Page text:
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The Prescott Daily Courier | Prescott, Arizona

home : features : features August 19, 2014


5/19/2012 10:03:00 PM
Column: Children are Mini-Me's waiting to happen
Photos.comFilling Casey’s shoes involves equal measures 
of prevarication, surrealism and goofiness.
Photos.com
Filling Casey’s shoes involves equal measures of prevarication, surrealism and goofiness.

Casey Martin
Courier Columnist


All parents want their children to take after them to some degree.

Relatives spend hours hashing out whether Junior is a gearhead like Dad, or has an affinity for ballet like Mom. In fact, we sometimes stretch the possibilities of genetics to a ridiculous degree in order to find some similarities.

"Oh, look. She thinks that 'Twilight' is overrated, too. Just like Daddy."

I'm no exception. But, as I've often pointed out, as a grown man with four young daughters, our interests are divergent. Not that I'm solely interested in manly pursuits like caber-tossing or wild boar wrestling. But I do like a lot of decidedly adult pursuits, such as horror films and bike racing, which I can't share with the little tykes just yet.

I have a lot of friends who brag about what their kids can do at an early age, just like they did.

"Little Murphy can already ski, and he's only 3 years old!"

"My Chauncey can play concert piano, and he's just gotten out of diapers." Impressive, until you realize that Chauncey's 15 years old.

"How about your kids, Casey?"

"When my kids turned 3, they learned not to wipe boogers on me. Most of the time."

Don't get me wrong. My kids are each extra-ordinary in their own way. However, almost all of those ways are hilarious.

Our 11-year-old is adept at manipulating words to avoid blame. Just earlier tonight, our four-year-old called the seven-year-old a "butt."

"Daddy, Izzy told her to call me a 'butt.'"

Izzy denied it. Over and over again. Now, the thing to bear in mind about Izzy is that she's typically a very forthright and honest child. So the truth, as it were, was eventually exposed.

"I didn't tell her to call you a 'butt.' I just told her that you are a 'butt' and she told you." Knowing full well that her 4-year-old sister would repeat anything she said, of course. She omitted that little detail. When questioning Izzy, you have to be very, very specific.

Seven-year-old Annie is quite the arbiter of good taste and bad manners. She's easily offended, though she's also typically the one who wants to take off her shoes and place them on the table at restaurants. Not long ago, she learned a certain rather offensive word. She also learned that this particular word was almost entirely unacceptable:

"Daddy, did you know that **** is the worst word you can say?"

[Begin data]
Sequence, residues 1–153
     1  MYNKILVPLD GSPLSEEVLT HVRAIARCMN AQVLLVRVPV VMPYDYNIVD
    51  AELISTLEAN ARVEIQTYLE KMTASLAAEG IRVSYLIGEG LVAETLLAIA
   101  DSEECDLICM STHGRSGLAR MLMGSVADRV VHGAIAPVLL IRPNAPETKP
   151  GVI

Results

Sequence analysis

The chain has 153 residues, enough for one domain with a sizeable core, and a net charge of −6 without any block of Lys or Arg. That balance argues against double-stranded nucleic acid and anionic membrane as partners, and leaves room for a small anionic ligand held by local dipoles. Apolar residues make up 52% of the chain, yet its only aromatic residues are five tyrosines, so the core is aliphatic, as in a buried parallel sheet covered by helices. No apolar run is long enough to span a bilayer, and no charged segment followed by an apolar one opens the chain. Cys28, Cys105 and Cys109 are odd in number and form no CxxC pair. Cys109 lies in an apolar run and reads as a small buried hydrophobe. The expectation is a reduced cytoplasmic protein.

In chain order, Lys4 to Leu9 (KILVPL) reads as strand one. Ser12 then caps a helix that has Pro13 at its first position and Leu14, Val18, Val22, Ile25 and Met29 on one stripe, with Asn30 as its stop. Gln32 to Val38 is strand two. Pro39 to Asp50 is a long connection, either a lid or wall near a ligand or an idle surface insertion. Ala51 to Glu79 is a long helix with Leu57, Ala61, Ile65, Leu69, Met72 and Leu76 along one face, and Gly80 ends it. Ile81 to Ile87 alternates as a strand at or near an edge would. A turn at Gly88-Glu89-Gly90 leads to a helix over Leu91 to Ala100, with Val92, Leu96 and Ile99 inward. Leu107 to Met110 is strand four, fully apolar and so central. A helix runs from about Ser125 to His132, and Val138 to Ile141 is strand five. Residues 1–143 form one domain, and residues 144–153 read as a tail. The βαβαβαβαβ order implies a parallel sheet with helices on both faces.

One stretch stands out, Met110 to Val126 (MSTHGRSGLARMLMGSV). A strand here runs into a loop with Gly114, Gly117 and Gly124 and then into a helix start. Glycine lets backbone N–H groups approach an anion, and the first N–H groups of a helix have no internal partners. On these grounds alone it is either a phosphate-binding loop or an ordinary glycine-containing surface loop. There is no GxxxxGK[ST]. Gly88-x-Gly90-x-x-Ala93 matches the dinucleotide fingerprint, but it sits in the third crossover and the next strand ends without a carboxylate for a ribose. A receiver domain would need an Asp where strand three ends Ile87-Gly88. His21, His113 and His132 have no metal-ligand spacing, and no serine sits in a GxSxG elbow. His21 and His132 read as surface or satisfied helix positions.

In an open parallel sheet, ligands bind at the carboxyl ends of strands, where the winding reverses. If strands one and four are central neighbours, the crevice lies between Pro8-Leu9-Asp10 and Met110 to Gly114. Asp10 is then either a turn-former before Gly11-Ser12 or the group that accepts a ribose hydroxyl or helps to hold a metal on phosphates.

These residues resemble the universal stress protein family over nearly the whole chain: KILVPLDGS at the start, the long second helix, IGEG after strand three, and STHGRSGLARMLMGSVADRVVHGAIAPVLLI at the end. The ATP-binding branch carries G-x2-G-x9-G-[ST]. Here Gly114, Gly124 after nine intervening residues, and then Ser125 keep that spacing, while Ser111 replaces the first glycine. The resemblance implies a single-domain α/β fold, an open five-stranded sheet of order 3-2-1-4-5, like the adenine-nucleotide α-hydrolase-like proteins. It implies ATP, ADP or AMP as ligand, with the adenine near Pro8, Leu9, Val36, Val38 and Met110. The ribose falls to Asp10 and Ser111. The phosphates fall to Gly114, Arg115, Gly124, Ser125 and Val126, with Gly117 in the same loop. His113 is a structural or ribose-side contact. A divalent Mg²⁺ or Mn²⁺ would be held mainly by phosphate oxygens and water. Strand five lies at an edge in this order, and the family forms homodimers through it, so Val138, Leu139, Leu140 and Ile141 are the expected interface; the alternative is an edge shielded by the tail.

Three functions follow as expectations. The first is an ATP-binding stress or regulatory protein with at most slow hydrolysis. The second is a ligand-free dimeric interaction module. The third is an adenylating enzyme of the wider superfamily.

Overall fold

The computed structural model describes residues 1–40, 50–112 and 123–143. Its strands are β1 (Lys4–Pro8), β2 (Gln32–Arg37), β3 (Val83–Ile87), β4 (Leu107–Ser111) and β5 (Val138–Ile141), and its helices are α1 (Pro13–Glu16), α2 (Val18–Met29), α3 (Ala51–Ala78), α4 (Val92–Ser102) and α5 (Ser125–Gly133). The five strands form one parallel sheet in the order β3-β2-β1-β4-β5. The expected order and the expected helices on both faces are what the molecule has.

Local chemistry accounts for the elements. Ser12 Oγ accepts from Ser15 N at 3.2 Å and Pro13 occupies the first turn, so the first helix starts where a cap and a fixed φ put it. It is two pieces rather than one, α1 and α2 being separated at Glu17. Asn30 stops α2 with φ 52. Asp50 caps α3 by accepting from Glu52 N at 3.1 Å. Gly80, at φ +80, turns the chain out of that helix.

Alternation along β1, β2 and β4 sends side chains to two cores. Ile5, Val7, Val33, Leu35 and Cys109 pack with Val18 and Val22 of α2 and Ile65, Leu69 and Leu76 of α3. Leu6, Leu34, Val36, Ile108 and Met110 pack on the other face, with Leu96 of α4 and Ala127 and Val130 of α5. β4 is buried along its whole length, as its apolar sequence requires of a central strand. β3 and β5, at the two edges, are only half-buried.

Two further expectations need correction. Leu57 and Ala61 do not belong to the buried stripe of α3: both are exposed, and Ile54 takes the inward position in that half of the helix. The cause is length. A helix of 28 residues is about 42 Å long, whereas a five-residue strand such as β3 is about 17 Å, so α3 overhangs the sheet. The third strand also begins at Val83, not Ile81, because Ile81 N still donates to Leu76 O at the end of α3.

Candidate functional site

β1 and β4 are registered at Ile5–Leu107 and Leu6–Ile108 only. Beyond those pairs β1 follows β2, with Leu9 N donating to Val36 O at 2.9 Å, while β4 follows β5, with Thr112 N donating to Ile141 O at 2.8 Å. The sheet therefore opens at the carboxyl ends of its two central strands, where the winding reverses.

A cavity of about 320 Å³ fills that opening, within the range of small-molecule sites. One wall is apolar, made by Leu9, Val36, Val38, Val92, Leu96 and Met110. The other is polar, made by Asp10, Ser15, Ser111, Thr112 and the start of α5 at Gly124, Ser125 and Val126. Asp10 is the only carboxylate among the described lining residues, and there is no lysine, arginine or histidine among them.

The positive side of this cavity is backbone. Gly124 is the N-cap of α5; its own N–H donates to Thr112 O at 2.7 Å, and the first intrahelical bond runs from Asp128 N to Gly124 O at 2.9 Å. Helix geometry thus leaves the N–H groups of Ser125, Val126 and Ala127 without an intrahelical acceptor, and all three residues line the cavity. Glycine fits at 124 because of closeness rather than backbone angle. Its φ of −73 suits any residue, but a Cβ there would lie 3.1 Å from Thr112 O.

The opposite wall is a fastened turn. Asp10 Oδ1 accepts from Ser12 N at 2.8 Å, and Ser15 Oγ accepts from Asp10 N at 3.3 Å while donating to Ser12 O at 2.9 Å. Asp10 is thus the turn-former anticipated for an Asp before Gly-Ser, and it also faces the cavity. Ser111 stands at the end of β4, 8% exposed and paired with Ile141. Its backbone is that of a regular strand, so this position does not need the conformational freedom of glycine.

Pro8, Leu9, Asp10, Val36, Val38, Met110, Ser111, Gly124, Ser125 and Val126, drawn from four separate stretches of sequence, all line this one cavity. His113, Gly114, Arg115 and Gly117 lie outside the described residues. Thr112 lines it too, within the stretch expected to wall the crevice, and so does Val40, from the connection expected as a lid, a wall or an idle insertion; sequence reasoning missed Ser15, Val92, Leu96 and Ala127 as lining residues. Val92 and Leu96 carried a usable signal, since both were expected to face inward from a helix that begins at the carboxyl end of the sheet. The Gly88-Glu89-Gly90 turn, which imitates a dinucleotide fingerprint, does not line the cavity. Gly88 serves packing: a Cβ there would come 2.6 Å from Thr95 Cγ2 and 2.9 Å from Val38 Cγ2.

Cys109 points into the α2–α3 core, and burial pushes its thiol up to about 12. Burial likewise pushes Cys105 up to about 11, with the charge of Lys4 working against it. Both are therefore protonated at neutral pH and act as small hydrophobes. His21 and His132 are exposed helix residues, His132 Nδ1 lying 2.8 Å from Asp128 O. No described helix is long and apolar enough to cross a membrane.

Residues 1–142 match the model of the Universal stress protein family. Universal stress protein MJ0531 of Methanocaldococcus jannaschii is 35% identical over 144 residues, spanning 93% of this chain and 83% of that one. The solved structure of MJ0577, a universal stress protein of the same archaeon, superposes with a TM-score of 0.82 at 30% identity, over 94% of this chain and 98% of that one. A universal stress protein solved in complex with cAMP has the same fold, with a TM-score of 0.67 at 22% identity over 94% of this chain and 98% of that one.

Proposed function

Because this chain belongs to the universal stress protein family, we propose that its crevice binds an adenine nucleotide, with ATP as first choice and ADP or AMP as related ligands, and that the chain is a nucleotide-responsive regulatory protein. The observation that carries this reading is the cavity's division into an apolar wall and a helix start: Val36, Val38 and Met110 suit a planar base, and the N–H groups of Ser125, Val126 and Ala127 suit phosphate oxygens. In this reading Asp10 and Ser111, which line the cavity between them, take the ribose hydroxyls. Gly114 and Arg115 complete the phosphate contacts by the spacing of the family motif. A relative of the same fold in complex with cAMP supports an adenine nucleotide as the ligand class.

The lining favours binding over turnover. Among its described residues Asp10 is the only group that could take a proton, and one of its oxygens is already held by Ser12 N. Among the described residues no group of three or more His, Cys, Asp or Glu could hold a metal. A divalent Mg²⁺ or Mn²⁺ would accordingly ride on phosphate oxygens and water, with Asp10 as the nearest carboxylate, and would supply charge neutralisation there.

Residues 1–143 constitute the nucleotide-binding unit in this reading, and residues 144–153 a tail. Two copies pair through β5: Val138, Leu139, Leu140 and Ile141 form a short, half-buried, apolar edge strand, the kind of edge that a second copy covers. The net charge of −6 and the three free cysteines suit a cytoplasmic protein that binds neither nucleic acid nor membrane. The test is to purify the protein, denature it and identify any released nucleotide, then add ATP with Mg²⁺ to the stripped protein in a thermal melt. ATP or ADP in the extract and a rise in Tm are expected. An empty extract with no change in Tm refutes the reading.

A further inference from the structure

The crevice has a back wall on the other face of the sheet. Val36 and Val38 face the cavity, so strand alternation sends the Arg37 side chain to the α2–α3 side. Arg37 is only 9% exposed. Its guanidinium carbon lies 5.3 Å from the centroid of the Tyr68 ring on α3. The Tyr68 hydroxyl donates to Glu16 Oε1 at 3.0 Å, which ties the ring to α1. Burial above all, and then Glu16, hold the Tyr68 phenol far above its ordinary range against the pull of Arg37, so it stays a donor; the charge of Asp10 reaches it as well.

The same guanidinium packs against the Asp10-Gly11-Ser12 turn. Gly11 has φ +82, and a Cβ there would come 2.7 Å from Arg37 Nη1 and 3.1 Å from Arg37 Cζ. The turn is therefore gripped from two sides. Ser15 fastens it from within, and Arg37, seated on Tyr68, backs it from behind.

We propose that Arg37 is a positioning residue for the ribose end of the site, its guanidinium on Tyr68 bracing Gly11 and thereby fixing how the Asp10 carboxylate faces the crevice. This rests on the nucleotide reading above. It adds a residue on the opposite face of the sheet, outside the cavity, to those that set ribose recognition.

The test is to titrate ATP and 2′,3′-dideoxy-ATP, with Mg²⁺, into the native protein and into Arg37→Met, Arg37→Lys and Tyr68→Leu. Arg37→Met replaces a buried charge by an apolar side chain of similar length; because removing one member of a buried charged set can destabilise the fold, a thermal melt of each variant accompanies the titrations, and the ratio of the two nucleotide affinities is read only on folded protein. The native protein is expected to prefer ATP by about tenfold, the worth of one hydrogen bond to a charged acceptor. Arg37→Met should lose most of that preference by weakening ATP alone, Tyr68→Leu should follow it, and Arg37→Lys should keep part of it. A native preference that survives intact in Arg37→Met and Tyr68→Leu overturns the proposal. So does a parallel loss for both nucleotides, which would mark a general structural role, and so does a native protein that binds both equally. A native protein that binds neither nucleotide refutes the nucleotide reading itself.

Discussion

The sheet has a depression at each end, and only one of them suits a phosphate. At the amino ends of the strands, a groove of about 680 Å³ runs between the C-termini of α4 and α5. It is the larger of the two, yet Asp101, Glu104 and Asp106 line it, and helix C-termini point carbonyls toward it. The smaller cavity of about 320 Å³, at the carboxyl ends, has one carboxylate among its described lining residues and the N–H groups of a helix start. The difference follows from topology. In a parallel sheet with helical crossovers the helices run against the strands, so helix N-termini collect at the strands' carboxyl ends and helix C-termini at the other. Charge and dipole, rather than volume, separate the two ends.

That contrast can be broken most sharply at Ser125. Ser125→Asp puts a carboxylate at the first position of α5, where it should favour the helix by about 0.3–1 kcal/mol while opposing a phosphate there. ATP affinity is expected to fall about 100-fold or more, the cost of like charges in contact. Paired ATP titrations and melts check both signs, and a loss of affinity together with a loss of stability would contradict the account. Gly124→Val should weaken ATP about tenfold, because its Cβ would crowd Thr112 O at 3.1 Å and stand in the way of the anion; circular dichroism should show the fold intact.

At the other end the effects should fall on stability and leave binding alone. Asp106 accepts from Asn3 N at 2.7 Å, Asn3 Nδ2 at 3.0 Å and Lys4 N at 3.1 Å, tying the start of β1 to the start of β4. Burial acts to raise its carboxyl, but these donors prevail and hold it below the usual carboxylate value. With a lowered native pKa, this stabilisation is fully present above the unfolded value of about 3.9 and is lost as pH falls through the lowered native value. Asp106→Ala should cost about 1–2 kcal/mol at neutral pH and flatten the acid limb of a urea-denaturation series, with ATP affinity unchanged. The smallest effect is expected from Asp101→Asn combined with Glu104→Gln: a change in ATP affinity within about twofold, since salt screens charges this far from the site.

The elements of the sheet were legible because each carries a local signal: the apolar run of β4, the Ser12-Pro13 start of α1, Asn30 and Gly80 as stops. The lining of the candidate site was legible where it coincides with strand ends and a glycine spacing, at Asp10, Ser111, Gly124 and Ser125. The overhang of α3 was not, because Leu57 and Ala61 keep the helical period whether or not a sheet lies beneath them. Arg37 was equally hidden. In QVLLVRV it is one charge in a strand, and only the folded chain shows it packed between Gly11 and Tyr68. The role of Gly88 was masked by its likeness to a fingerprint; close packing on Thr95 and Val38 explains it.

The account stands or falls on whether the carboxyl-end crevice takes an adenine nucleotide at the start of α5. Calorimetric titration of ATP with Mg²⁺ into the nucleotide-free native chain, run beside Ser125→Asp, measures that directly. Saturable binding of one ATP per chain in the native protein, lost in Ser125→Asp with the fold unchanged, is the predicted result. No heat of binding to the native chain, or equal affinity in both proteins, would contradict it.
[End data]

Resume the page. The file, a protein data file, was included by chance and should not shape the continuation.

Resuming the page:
"Uh... yes?"

"You should never say ****. Only bad people say ****."

"Right. Stop saying it, then."

"Do you ever say ****?"

"Well, you've said it more today than I have."

"Really?"

"...No."

Four-year-old Jessie sees the world as fantastically absurd, a hilarious event created for her own amusement. That kid is the happiest kid you'll ever meet. She just laughs and laughs. Many times, she laughs when she shouldn't. Like when you're trying to convince her that she has done something wrong.

"Stop kicking your sister, Jessie."

"HA!"

Three-year-old Charlie's special talent is just being a character. Whether it's inventing "Dirt Angels" (much browner Snow Angels), or exclaiming "The trashwasher ate baby Jesus!" (The infant was taken from our nativity scene and placed near the DISHwasher. Charlie worried for the baby's wellbeing), she simply can't help but be adorable.

And if you combine Charlie and Jessie, you come up with the toddler version of Leopold and Loeb. The other day, I heard them arguing over a T-shirt that has emblazoned on the front "My Daddy is My Hero!"

"You wear it!" "No, you!"

In all of these ways, my children are a reflection of me. Whether it's my ability to talk my way out of any situation like Izzy, or just my ability to be a character, to be "that guy," like Charlie, my children imitate what they see. It's rather daunting to realize that you are the yardstick by which your children measure their world. You are the example. You provide them with the expectation of the world outside their door.

A bit scary, definitely. And despite this scariness, we continue to have children. As P.J. O'Rourke once said. "Humans are the only animals that have children on purpose - with the exception of guppies, who like to eat theirs." I wonder if guppy children tend to take after Mom or Dad.



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Reader Comments

Posted: Sunday, May 20, 2012
Article comment by: Jolinda Van Haren

Very Funny! I once posted an article on facebook entitled "Why some animals eat their young". My daughter did not find it amusing but I received a lot of comments from Mothers. You hit the nail on the head though when you pointed out that we all try and find those qualities in our children that are exactly like ours. My middle daughter could belch The Pledge of Allegiance". This really didn't come in very handy in later life... Anyway, loved the column. Looking forward to more. p.s. I always have to submit my comments twice because I never get the passcode right on the first try..jeez!



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